There are few things more satisfying than picking up a brand new snowboard.
Just think of all the sweet, snowy adventures the two of you will have together! New snowboards don’t come cheap, however, and if you want to protect your investment and get as much riding as possible out of your new stick, you’re going to have to baby it a little.
Proper maintenance is the key to keeping your board in tip-top shape—and for maximizing your level of stoke on the mountain. Here’s what you need to know.
Start Off Strong
Snowboards typically come with a “factory wax", meaning a wax that was applied in the warehouse when it was made. You can ride the board immediately with the factory wax, but most snowboarders agree that it’s way better to give the board a proper hot wax before you take it out on the snow.
Waxing your snowboard is surprisingly easy. It will keep you moving faster (which is essential on those flat bits or cat tracks) and will prevent your board from drying out, thus extending its life.
To wax a snowboard, you need some wax, an iron, and a scraper. They sell special irons for waxing skis and snowboards, but any old iron will do—just be sure NOT to use it for clothing ever again, and designate it your wax iron. Different types of wax are better suited to different conditions. More on waxing in a moment.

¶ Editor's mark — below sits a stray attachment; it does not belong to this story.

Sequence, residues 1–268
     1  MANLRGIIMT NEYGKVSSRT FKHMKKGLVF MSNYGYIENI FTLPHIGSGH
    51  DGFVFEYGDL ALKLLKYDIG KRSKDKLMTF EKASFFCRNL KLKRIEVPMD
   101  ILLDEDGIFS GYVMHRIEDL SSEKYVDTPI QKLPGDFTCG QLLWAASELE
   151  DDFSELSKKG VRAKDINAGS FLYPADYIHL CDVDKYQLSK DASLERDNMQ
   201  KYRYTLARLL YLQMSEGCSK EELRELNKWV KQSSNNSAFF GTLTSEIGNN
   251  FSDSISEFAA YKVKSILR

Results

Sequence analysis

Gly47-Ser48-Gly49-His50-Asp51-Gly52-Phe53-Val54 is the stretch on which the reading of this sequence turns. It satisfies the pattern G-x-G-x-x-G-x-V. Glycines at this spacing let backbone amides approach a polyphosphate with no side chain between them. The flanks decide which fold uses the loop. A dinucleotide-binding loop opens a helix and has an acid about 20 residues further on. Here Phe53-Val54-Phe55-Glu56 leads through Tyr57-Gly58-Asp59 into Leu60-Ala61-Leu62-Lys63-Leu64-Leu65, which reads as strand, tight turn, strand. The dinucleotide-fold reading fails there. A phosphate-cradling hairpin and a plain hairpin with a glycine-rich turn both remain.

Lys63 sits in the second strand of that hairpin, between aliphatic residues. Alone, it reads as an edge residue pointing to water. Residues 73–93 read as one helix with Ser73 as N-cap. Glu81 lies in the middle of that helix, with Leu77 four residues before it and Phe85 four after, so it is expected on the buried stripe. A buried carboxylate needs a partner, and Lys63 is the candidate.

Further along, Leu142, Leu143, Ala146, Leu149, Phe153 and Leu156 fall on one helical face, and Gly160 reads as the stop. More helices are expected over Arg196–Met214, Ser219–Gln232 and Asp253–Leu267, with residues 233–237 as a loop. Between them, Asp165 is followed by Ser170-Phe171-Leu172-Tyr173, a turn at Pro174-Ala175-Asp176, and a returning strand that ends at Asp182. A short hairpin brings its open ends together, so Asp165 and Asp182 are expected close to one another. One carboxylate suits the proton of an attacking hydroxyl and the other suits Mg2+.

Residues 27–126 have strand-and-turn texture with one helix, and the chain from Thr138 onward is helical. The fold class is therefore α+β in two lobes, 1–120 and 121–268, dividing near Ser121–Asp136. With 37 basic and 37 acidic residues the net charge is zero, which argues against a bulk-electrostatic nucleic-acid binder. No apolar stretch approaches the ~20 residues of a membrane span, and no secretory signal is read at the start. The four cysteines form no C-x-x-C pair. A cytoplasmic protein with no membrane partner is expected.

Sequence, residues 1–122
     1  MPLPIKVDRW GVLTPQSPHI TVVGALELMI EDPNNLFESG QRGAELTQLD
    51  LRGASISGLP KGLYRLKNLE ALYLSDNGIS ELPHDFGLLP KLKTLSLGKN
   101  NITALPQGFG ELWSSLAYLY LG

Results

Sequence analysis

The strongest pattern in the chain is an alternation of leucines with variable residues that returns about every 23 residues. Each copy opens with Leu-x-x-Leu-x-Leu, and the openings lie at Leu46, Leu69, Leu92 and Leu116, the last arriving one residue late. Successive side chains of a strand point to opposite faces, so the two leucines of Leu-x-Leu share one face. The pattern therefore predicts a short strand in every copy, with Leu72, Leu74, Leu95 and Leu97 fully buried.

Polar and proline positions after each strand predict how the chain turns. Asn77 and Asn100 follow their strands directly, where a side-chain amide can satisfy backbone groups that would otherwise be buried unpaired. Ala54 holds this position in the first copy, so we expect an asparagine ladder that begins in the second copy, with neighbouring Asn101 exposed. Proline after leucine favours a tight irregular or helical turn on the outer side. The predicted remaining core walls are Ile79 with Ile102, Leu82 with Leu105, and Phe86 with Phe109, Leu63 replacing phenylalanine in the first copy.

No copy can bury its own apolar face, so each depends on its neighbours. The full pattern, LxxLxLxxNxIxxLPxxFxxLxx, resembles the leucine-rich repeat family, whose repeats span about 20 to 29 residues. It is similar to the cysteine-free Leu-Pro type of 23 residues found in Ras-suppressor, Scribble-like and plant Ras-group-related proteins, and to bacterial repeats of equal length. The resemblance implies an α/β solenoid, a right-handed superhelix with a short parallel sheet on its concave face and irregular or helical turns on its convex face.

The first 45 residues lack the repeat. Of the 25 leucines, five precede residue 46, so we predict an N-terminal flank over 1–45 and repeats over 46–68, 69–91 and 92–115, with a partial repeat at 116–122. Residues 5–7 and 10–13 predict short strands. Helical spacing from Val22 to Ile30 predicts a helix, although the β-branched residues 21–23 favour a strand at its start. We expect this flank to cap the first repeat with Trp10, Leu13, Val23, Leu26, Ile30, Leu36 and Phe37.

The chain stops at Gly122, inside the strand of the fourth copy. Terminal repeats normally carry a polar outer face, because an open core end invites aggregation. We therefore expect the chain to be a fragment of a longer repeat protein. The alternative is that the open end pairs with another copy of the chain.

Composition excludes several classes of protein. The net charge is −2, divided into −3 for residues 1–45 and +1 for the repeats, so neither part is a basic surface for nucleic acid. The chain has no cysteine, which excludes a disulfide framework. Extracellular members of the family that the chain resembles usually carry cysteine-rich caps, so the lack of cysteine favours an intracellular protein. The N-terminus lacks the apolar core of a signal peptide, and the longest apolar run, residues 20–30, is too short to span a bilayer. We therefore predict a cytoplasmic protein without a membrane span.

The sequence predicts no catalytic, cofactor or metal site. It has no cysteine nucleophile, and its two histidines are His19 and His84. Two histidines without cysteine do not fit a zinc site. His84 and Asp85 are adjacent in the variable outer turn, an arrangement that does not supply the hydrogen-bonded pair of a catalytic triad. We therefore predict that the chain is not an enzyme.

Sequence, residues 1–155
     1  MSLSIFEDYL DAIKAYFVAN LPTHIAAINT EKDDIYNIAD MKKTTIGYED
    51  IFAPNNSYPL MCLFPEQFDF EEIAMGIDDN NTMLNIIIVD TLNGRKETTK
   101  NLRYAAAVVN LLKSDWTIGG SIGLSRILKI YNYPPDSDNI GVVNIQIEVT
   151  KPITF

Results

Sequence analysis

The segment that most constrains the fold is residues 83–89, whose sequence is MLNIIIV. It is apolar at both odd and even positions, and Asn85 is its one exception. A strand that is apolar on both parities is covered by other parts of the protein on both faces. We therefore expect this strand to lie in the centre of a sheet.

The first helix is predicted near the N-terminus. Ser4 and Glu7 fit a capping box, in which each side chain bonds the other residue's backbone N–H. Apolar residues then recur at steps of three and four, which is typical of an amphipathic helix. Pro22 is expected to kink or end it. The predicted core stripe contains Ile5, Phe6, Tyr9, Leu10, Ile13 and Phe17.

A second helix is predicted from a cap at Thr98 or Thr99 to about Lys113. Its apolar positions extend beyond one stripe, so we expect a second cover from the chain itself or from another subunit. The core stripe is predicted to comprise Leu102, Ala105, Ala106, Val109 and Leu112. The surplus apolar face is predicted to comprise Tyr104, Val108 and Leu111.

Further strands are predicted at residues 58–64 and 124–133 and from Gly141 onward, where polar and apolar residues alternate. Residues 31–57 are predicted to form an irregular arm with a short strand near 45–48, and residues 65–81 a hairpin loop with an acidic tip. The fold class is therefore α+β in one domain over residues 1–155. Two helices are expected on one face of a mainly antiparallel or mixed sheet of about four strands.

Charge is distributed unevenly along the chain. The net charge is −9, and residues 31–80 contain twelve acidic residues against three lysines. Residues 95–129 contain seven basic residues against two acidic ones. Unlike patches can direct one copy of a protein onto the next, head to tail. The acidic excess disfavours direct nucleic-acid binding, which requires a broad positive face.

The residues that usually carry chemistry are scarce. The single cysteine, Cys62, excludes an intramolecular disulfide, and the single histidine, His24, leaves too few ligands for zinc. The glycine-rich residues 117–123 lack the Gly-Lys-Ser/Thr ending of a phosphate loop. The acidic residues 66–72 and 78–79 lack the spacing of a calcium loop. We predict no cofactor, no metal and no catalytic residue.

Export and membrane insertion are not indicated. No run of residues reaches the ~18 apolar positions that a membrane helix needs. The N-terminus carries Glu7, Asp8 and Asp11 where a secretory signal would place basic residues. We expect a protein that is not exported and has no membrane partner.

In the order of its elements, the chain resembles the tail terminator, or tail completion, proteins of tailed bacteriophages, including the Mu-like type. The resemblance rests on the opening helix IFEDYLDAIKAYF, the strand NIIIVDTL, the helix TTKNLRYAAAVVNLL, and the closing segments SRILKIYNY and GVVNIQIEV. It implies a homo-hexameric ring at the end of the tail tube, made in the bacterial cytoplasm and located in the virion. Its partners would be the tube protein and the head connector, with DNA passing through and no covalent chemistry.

Aside from waxing, you might want to detune the nose and tail ends of your snowboard. Some snowboards come with super sharps metal edges along either ends—but since you won’t actually be turning on these edges, it’s good to buff them out to prevent catching an edge. To do so, pick up a file, a diamond stone, and a gummy stone, and look up a video to get the technique down pat. If you’d rather not take tools to your board, most snowboard shops can do this for you.
Wax On, Wax Off
Waxing isn’t a one-and-she’s-done kind of thing—you’ll need to give your board a good hot wax from time to time. Exactly how often will depend on how much you ride it, but a sure sign that it’s due for wax is if the base starts to look a little white and you feel like you’re going slower than usual on flat bits.
You can pay to get a hot wax done in a shop, but it’s much cheaper to learn to do it yourself. Watch a few YouTube videos to see how it’s done, and don’t be afraid to give it a try. If you mess up, you can just add more wax and try again.
If it’s the morning of a pow day and you realize your board could use a wax, rub a block of wax (cold) against the base—it’s kind of like coloring with a crayon. It’s not as effective as hot wax, but it’ll give you just enough of a boost to help you through the day.